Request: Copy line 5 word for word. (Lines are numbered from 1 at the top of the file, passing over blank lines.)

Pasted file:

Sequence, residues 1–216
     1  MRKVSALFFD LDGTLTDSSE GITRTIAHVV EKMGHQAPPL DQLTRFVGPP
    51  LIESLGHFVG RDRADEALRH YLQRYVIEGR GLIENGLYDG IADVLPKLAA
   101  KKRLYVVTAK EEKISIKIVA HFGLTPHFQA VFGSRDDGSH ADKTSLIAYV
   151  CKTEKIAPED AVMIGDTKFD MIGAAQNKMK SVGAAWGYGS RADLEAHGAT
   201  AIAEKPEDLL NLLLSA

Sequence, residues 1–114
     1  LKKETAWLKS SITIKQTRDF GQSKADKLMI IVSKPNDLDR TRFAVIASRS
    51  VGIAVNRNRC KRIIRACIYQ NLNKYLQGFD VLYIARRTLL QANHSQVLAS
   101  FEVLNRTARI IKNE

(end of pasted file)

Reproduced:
   151  CKTEKIAPED AVMIGDTKFD MIGAAQNKMK SVGAAWGYGS RADLEAHGAT